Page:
Increasing change, complexity, challenge

Scenarios aug08.jpg

What is the outlook for the global economy over the next few years? Are we likely to see a continuation of the 2003-7 Global Boom (the purple line)? Will growth reduce to the average level seen between 1980-2000 (the green line)? Or are we at the start of a multi-year Global Downturn (the red line)? This is a key question for the petrochemical industry, with its own growth dependent on increasing GDP/capita.

We have just published a major new Study, ‘Feedstocks for Profit’, that provides a completely fresh and integrated view of the key issues facing the industry, under these 3 potential Scenarios. It focuses on the main ‘building blocks’ (ethylene, propylene, butadiene, benzene and paraxylene) and their derivatives. It concludes that the industry is about to go through a period of increasing change, which will make decision-making more complex. This will create major challenges for producers and consumers:

Change. The world economy may well be slowing down, after the recent boom period. At the same time, new petchem capacity in the Middle East and China is about to come onstream, whilst the US is increasing its refining capacity and gasoline production.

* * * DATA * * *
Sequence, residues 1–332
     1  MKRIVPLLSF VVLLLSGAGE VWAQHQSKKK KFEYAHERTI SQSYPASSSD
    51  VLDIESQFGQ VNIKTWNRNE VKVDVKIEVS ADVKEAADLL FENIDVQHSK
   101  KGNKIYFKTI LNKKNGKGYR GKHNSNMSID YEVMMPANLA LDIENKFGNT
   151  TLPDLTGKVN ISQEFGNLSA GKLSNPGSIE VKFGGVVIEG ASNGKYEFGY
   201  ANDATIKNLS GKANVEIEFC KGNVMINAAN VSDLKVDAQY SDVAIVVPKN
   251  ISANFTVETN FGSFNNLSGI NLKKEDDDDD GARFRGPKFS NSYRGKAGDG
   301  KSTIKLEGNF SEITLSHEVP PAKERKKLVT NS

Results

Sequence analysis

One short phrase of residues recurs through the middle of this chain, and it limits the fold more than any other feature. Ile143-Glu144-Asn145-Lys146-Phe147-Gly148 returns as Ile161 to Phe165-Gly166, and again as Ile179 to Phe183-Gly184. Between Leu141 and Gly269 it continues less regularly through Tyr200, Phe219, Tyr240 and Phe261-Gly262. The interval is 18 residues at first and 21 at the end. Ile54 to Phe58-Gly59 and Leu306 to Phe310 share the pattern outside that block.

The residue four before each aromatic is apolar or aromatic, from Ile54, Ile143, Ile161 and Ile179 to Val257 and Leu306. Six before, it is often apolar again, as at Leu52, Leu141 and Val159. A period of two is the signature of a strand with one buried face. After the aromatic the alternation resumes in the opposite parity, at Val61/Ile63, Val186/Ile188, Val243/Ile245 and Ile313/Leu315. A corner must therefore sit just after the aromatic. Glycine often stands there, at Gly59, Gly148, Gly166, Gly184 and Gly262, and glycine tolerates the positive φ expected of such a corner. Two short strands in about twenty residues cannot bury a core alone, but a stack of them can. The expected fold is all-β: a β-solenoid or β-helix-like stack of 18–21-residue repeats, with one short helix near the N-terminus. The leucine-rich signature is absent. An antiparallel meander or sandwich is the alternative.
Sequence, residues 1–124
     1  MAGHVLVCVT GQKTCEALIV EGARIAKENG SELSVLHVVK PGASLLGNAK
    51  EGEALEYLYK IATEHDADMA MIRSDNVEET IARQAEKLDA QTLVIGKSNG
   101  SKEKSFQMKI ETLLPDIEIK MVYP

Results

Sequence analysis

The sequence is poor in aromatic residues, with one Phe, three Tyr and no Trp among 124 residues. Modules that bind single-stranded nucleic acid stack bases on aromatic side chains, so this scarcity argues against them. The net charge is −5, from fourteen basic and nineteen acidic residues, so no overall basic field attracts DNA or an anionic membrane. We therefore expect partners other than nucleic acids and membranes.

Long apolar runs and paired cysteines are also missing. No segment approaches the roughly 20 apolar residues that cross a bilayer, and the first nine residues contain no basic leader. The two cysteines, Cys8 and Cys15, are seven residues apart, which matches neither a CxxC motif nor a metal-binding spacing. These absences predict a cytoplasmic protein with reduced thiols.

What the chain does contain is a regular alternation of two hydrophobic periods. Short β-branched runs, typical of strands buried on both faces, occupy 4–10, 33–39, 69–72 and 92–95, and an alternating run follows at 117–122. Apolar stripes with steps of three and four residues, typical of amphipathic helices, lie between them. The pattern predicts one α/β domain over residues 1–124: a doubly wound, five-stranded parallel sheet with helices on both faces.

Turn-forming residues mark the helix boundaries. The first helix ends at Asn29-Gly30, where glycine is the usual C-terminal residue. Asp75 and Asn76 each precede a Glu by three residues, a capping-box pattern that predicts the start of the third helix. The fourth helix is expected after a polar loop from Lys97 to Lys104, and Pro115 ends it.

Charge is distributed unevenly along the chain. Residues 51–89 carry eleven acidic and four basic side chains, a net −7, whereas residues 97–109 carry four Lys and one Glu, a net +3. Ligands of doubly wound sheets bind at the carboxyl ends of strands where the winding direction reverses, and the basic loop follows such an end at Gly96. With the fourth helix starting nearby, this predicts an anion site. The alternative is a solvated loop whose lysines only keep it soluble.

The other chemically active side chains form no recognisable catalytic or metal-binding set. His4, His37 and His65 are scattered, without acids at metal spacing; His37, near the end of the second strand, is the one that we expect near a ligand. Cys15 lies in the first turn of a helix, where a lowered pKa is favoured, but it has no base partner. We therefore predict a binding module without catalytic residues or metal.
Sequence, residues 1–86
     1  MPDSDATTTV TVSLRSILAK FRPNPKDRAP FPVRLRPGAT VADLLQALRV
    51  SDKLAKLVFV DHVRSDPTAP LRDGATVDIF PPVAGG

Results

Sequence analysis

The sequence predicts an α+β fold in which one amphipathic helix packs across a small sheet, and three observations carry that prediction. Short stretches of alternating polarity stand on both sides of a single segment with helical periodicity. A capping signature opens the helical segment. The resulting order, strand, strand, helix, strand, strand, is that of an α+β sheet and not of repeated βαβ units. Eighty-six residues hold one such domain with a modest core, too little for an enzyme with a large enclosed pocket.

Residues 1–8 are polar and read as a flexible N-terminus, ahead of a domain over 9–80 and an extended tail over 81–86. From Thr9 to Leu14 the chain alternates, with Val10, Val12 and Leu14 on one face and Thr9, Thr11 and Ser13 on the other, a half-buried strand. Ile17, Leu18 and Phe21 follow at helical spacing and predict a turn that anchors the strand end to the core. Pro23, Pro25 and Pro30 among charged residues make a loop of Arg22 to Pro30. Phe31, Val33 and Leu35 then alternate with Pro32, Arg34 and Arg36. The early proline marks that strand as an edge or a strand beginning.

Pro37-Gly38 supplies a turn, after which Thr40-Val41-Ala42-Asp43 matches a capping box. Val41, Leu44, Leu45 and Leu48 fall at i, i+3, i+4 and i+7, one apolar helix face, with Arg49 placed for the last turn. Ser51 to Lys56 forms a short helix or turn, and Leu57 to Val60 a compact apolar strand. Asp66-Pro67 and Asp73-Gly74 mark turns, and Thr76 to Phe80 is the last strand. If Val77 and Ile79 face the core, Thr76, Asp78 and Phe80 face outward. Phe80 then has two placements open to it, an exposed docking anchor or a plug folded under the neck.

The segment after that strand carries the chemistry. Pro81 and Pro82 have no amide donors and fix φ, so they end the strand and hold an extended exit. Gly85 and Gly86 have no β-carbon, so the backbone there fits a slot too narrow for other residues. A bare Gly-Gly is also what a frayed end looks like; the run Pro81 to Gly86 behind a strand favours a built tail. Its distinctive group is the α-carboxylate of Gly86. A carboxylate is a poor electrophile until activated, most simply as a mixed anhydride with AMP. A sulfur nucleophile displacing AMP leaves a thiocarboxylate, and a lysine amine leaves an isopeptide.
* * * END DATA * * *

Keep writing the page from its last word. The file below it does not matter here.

Complexity. Markets are becoming more volatile. Competition is likely to increase within the main regions, as exporters find life much more difficult. Inter-polymer competition will also become more intense, as supply is increased by new capacity.
Challenges. These developments create significant challenges. Integration (either physical or virtual), will be the critical success factor for the future. This will provide companies with the increased flexibility they will need to maximise their profits, at a time of increasing change and complexity.

A copy of this week’s ICIS Chemical Business feature on the Study is available by clicking here ICB Aug08.pdf

“>, if you would like to read more about our Conclusions.

About Paul Hodges

Paul Hodges is Chairman of International eChem, trusted commercial advisers to the global chemical industry. The aim of this blog is to share ideas about the influences that may shape the chemical industry over the next 12 – 18 months. It will try to look behind today’s headlines, to understand what may happen next in important issues such oil prices, economic growth and the environment. We may also have some fun, investigating a few of the more offbeat events that take place from time to time. Please do join me and share your thoughts. Between us, we will hopefully develop useful insights into the key factors that will drive the industry's future performance.

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